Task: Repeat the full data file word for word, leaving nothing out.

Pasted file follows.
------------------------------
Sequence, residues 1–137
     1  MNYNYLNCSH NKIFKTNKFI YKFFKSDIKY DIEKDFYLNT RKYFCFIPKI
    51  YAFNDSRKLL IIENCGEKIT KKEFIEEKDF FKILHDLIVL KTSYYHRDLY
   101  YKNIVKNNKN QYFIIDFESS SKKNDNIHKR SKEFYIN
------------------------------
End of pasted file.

Sequence, residues 1–137
     1  MNYNYLNCSH NKIFKTNKFI YKFFKSDIKY DIEKDFYLNT RKYFCFIPKI
    51  YAFNDSRKLL IIENCGEKIT KKEFIEEKDF FKILHDLIVL KTSYYHRDLY
   101  YKNIVKNNKN QYFIIDFESS SKKNDNIHKR SKEFYIN